Caring for You & Your Baby
After your baby is born, you will be moved to a postpartum room where you will stay until you leave the hospital. There, you will find a flexible and relaxed environment where you can recuperate, get to know your baby, and receive personalized care. Most patients stay in the hospital two nights after a vaginal birth and four nights after a cesarean. We encourage you to keep your baby in your room as much as possible while you are in the hospital. We call this "rooming-in."
Postpartum Nursing Care
After your delivery, you will be transferred to a private room on the postpartum floor. Here, you will receive care by your primary nurse, who will support you and your partner as you learn to care for your baby. Our obstetrical nurses have a long tradition of combining professional excellence with personalized care. From preconception to post delivery, our nursing staff provides seamless care and support programs to meet a range of maternity care needs. All of our nurses have completed special training as breastfeeding educators.
With patients and their well being at the heart of everything that they do, our nurses strive to ensure that each patient at the Beth Israel Deaconess receives personalized and compassionate care of the highest quality. Long considered leaders in the development of professional standards in nursing practice, our nursing staff continues to work to define and protect quality patient care in the face of our changing health care.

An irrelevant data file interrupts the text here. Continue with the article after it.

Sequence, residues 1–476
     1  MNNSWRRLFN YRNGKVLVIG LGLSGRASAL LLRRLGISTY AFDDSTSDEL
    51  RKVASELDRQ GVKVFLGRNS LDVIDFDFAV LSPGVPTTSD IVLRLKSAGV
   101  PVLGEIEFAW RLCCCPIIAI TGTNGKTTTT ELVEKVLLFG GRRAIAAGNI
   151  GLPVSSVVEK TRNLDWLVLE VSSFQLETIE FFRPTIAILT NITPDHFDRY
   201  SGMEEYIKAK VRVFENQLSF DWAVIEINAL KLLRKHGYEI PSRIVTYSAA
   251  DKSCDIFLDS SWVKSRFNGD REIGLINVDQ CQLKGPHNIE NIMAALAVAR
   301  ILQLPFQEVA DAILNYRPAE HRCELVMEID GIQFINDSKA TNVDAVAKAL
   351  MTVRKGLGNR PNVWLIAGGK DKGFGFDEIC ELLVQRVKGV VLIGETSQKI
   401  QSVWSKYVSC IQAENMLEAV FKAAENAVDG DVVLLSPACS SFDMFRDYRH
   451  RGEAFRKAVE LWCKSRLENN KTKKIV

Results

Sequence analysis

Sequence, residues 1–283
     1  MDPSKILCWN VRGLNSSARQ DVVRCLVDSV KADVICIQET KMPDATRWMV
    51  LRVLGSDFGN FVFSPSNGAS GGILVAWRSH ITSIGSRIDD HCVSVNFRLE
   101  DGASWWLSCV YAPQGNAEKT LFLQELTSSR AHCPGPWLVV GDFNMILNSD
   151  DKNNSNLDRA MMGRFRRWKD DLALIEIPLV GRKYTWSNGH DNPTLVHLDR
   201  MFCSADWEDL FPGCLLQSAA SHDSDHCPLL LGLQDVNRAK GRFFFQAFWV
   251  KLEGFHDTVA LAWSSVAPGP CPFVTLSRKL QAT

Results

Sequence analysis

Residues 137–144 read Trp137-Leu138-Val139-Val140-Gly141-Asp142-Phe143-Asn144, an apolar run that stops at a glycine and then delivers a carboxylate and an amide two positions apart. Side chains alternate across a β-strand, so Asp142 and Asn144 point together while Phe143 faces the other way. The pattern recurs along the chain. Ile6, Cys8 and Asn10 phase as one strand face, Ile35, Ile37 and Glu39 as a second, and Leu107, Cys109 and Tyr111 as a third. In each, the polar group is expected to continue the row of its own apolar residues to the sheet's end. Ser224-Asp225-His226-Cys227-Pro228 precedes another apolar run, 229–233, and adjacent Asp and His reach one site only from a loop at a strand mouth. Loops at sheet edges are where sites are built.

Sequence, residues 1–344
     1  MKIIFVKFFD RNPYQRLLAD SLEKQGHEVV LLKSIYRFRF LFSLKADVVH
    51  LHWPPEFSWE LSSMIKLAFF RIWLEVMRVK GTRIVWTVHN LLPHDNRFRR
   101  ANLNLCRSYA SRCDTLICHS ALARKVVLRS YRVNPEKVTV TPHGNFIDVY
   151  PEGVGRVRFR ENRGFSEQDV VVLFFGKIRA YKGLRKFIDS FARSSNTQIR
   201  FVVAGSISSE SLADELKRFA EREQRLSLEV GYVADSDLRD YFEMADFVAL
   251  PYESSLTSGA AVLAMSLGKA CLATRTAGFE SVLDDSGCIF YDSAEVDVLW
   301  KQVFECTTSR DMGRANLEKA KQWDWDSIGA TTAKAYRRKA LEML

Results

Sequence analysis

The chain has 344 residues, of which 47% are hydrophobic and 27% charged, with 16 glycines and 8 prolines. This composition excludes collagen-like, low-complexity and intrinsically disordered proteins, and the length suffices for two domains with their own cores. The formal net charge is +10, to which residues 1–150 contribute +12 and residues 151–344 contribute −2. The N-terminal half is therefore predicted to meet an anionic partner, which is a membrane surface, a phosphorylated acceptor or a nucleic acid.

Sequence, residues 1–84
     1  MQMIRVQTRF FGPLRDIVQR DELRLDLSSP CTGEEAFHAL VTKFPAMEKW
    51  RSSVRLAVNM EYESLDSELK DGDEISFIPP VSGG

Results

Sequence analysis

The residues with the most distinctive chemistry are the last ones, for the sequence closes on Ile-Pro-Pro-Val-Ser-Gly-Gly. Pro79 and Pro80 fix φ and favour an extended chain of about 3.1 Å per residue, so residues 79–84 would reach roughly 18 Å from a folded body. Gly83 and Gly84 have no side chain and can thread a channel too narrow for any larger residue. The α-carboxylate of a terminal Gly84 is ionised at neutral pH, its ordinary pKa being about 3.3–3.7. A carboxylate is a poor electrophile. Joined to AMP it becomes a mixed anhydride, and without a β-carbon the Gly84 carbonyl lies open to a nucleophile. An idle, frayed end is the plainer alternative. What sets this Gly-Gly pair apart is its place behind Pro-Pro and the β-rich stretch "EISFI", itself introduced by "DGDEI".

Breastfeeding Support Group
Breastfeeding is a wonderful and natural way to feed your baby, but it can take some practice and support.
We are happy to announce that our postpartum breastfeeding support group is meeting virtually on ZOOM. The group will meet weekly on Wednesdays from 12:00 - 1:30 pm. The group is free, but registration is required for each weekly session. Register for our new online breastfeeding group here.
We are also available at 617-667-5765 for any questions as well as assistance with finding community support.
Need help keeping track of when your baby feeds, how much and how many dirty diapers? Download and print our 24-hour breastfeeding log.
"Rooming In" with Your Baby at BIDMC
BIDMC's Postpartum Unit has moved to a rooming-in practice, allowing a newborn baby to stay in the room with their mother.
Health Benefits of "Rooming In" with Your Newborn
There are many health benefits to rooming-in for both you and your baby when you stay together throughout their hospitalization. This helps you get to know one another more quickly and is also important in the establishment of breastfeeding.